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South Nyack: Stay Calm and SEQRA, Not RLUIPA

Nyack Colleges Mosely Hallby Bruce Levine

The sale of the Nyack College property to a Hasidic school has created fear among many residents.  I have fought overdevelopment in Ramapo, including winning the case against the proposed development of Patrick Farm, and can say that the sale of one school to another is not to be feared. At least, that is, provided that residents understand the planning and zoning process and the limits of, and opportunities for, local residents to fully participate in it.

If one school replaces another without any significant change to the land or the buildings on the site, there is little the village (or town) can do–nor should they do anything. Many fear Hasidic communities without knowing Hasidic people. The fear arises from the potential voting power of adults who vote as a block, of the community using its voting power for transactional purposes. But how can the replacement of one religious not-for profit school for another make a difference to village and town residents?

To just say “no” and oppose the school will lead to a RLUIPA lawsuit (Religious Land Use and Institutionalized Persons Act) that will potentially cost the Village of South Nyack or the Town of Orangetown millions of dollars with no practical results. The Village of Pomona has found this out the hard way (though appeals are pending).

South Nyack Village Hall. Sketch by ©Bill Batson.

South Nyack As Hamlet:
To Be Or Not to Be?

On Dec 17, voters in South Nyack will weigh in on whether their village should be dissolved and become an unincorporated hamlet of Orangetown. Advocates say it will reduce property taxes; opponents say residents will lose control of local zoning. The citizen’s initiative which lead to this referendum was sparked by concerns about the sale of Nyack College.

Read more: CGR’s S. Nyack Dissolution Report: 10 Important Takeaways.

Have a point of view about the Dec 17 vote you would like to share? Submit your opinion articles to max@NyackNewsAndViews.com.

On the other hand, the Village of South Nyack or the Town of Orangetown retain their respective right to properly consider the zoning and environmental aspects of any proposal. A simple replacement raises no zoning or environmental issues with the possible exception of issues related to school buses using the existing roads leading to the college property. This will be a question of fact if the existing dormitories are used by students.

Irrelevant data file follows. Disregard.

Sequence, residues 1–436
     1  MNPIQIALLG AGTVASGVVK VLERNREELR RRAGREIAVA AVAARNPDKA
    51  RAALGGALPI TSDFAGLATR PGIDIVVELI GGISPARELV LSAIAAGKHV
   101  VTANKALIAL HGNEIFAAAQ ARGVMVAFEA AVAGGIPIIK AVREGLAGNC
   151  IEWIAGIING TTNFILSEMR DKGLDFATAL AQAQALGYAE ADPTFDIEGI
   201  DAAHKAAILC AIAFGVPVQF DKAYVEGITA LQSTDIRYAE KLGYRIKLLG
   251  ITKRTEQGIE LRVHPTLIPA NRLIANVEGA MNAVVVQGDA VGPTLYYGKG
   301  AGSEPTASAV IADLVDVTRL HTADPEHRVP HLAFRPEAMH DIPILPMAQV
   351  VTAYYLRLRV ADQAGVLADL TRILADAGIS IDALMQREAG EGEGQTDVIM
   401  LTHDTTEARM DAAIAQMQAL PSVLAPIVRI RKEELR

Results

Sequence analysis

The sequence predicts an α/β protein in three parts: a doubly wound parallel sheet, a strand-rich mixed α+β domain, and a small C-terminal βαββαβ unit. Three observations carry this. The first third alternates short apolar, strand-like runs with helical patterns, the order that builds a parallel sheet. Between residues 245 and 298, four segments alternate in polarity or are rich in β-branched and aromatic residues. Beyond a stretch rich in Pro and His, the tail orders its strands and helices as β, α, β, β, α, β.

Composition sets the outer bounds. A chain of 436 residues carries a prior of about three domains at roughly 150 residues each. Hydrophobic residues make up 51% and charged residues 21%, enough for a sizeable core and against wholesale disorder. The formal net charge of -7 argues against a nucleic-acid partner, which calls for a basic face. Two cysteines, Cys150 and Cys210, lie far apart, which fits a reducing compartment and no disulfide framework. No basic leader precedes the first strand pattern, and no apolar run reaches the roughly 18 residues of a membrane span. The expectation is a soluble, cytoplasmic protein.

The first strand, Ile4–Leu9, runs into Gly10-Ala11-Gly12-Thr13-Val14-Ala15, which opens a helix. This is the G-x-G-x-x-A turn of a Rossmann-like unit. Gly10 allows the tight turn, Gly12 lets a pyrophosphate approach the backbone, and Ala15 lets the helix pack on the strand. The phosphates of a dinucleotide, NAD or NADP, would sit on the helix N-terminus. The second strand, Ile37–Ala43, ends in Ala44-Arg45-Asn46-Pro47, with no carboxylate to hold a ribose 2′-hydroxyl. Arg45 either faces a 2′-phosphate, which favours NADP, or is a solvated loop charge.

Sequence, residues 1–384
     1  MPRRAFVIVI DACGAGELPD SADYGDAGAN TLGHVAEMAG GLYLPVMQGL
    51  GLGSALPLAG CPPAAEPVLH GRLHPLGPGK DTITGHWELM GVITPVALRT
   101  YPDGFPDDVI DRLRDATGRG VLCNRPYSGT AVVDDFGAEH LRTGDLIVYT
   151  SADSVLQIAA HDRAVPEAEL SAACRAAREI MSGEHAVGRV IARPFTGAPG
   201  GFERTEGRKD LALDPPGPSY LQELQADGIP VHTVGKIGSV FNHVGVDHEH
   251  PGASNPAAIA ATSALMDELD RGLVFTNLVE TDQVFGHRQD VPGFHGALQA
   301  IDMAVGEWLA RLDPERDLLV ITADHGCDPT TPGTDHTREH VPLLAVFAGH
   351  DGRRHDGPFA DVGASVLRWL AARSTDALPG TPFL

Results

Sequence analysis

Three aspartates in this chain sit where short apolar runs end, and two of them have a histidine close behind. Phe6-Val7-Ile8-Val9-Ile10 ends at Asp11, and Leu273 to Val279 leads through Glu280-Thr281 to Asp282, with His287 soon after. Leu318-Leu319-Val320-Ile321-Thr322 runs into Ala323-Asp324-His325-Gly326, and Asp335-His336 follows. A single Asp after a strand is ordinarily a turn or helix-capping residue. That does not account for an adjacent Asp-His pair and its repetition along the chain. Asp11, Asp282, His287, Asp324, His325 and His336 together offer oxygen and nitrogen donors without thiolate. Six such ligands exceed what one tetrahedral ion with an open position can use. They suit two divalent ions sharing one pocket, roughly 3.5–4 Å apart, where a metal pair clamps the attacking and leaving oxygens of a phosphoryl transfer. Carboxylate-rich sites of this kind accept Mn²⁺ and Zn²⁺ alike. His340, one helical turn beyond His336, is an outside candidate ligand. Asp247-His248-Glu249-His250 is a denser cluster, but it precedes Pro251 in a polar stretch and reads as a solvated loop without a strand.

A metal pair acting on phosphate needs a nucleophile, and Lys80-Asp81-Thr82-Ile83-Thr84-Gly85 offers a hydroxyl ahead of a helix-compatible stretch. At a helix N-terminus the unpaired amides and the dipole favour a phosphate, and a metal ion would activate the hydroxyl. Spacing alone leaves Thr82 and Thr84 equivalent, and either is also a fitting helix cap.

If the applicant proposes to change or significantly enlarge the buildings on the property, the village has a right to review such changes under its review of potential environmental impacts of the proposal under the NY Environmental Quality Review Act. Since Nyack College sits on a hill that overlooks the Hudson River and can be seen from the other side of the river, any significant change to the property or its buildings can be approved, denied, or altered based on a proper environmental review under SEQRA (State Environmental Quality Review Act) of this significant visual environmental concern.

Any new construction will face many challenges beyond the effect on the scenic views given the steep slopes on the property and the limitations of the road network. Any significant new construction on the site may pose serious physical (even safety) problems and the village will retain its right to deny major engineering changes requested on the site based on the long-term risks of maintaining new structures.

Despite the claims of engineers that they can solve any problem, the built reality is often different from the promises made by developers. These risks must be fairly and fully reviewed by village or town decision makers as long as the review is based on expert opinion and factual evidence on both sides. The village can rest assured that the kind of monstrously large super-dense housing developments that have come to characterize parts of the Town of Ramapo can be limited or even stopped by a fair review during an open and fair planning process.

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No one should demonize religious communities of any kind merely because they look different or have lifestyles that are unique to them. I have known the people of the Vishnitz community for decades and their Rabbinic leadership. They are human beings who can understand honest concerns. Unreasoning fear of the “other,” real or stoked by political leaders, is wrong and counter-productive, if the process of good planning is to be honestly and fairly followed. Only this will lead to a result in the best interest of village and town residents.

Bruce Levine is a former Chairman of the Rockland County Legislature.

See also:

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